I just finished watching the last episode of The Pacific which is a HBO mini-series and a follow-up companion series to The Band of Brothers. The Band of Brothers followed U.S. army troops as they fought the German army in Europe. The Pacific in contrast follows the U.S. Marines as they fought the Japanese from island to island including battles at Guadalcanal, Iwo Jima and Okinawa.
Both series follow a group of soldiers as they fight side by side, R&R together and make life long bonds together as they fight their way to victory over a dedicated enemy. The main difference I noticed between the two series, is that to me the troops fighting in the Pacific theater had a tougher job in fighting an entrenched enemy. The Pacific islands took as many casualties from disease and exhaustion as did those who died from wounds they suffered.
The Pacific comes on 5 DVD’s, with 2 episodes on each DVD. The series is based on the memoirs of two men, Jack Leckie and Eugene Sledge, who wrote detailed accounts of their time in the Pacific theater. Also tossed into the mix is John Basilone who was a hero at the battle of Guadalcanal and is awarded the Medal of Honor, our countries highest award for bravery. Where the Band of Brothers made one feel that they bonded with the lead characters, The Pacific leaves one emotionally isolated from the characters.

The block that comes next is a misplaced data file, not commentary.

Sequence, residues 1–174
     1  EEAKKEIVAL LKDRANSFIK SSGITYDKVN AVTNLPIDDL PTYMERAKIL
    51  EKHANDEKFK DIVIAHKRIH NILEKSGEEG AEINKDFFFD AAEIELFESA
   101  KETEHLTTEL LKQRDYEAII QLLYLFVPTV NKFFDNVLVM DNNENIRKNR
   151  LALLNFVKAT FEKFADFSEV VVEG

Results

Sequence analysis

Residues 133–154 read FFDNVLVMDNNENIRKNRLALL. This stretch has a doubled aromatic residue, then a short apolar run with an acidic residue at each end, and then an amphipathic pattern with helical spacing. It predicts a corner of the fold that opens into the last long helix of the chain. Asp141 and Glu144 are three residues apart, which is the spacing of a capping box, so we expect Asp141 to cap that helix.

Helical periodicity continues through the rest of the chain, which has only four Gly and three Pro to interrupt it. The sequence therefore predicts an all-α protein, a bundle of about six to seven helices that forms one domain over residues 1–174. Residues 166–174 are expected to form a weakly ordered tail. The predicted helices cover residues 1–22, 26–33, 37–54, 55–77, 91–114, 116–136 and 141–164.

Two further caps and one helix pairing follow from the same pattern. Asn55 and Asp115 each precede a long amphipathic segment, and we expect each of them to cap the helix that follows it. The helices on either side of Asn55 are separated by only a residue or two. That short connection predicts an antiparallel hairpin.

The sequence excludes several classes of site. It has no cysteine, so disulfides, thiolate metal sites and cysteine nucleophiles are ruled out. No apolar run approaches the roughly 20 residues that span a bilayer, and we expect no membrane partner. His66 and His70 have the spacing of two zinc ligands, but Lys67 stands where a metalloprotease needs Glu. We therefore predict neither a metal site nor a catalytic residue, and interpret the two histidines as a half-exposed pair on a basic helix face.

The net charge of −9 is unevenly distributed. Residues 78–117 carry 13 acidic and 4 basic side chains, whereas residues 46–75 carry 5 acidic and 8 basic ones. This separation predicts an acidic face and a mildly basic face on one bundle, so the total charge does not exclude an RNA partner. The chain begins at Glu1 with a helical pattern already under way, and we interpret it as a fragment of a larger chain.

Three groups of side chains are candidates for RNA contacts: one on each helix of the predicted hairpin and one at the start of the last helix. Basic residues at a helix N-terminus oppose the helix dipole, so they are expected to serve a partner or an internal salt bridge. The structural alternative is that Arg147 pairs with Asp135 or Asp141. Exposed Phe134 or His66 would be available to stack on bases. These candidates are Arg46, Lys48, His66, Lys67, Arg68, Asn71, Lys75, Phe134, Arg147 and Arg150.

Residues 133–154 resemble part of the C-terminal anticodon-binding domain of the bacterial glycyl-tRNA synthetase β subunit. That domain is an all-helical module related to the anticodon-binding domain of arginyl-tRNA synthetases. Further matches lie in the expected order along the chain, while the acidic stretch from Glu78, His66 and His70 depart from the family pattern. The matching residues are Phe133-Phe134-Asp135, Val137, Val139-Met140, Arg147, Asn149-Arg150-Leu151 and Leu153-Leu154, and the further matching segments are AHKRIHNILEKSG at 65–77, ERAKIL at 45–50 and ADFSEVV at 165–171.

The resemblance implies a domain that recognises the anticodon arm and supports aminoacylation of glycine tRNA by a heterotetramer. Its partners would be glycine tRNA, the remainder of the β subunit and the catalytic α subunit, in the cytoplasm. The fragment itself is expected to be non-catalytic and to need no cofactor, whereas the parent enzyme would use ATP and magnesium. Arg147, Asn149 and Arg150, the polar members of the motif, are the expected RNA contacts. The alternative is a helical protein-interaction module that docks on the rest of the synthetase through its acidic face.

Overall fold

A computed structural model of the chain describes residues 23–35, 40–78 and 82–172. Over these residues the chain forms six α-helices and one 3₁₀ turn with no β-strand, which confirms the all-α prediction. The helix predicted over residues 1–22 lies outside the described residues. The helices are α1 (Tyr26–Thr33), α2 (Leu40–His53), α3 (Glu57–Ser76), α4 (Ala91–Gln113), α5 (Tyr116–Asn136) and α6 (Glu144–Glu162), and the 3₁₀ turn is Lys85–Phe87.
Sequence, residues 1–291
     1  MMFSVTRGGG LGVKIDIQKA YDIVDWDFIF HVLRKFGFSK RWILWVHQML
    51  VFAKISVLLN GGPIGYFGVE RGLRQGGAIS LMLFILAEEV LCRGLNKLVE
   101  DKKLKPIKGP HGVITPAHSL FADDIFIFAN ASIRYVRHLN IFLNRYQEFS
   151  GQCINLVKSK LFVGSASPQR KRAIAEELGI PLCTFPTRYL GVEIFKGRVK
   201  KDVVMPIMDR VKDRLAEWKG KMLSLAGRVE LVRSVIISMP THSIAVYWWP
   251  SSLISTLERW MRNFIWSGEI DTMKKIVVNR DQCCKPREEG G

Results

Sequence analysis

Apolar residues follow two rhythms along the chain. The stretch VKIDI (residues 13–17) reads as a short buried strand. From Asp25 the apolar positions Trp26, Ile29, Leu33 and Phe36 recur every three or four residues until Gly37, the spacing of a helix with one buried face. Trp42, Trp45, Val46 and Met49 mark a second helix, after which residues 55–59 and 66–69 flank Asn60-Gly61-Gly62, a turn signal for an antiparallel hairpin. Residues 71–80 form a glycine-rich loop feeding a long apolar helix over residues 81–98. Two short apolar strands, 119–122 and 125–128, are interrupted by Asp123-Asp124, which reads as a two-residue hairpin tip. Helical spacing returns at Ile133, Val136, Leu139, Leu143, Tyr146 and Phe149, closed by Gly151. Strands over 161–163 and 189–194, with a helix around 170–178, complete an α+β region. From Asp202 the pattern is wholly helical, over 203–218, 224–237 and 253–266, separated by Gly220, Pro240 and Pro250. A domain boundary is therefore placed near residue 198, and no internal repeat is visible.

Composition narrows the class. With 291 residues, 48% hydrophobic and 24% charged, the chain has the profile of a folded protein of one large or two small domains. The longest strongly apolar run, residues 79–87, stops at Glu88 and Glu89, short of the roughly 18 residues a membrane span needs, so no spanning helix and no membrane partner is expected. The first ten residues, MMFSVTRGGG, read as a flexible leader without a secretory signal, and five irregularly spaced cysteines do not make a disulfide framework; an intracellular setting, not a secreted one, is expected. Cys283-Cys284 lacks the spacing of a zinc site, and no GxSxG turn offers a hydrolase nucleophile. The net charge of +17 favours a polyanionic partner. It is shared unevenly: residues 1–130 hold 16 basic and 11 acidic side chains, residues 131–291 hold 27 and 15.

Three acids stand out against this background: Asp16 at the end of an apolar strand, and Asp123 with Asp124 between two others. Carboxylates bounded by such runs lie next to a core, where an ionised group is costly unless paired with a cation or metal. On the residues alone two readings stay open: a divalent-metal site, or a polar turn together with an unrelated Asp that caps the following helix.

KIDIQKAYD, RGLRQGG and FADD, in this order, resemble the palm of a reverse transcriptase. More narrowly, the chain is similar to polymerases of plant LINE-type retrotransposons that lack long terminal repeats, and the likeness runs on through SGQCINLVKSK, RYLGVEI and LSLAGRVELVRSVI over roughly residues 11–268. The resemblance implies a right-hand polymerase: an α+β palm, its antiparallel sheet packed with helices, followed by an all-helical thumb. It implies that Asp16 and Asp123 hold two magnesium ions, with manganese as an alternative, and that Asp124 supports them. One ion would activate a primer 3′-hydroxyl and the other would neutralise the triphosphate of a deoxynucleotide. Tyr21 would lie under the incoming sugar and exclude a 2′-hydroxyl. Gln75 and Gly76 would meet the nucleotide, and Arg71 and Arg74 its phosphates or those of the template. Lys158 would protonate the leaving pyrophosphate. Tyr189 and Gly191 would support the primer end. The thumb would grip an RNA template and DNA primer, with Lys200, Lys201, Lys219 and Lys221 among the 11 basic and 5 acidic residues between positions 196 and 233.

What I felt was out-of-place were the sex scenes. Picture if you would the movie Saving Private Ryan. Could you see Tom Hanks and the boys while going through French villages, stopping off at the local brothel? I believe it would have taken away from the movie. Same with The Pacific. In fact all of chapter 3, while the troops were on R&R was a waste of time for me. But I guess the folks at HBO felt that by throwing in some sex, it would make the series more sell-able.
From a historical point, most of what was shown was fairly accurate. In one scene a Marine on a train leans out a window with his Springfield rifle and kills a cow. The Marines were still using the Springfield rifle left over from WWI while the Army was issued the newer Garand. The only exception I took to this scene was that normally troops turned in their ammo before leaving ship and going on R&R. They were reissued ammo once aboard ship and on their way to battle. No one wants to see a bunch of drunken Marines shooting up the town of one of their allies.
At the conclusion of the story the men whom the characters were played by, were shown and how their lives turned out when the fighting stopped and they returned home. No one in those days suffered from Post Traumatic Stress Syndrome, because these were real men. They would never end up homeless nor without friends or family. This is somewhat hard to swallow as well. No one is going to convince me that after wallowing in all that blood and guts, you are going to return home with a smile on your face and with love in your heart.
Overall I enjoyed watching the series and believe you will also. I would recommend renting the disks. I received mine from Netflix.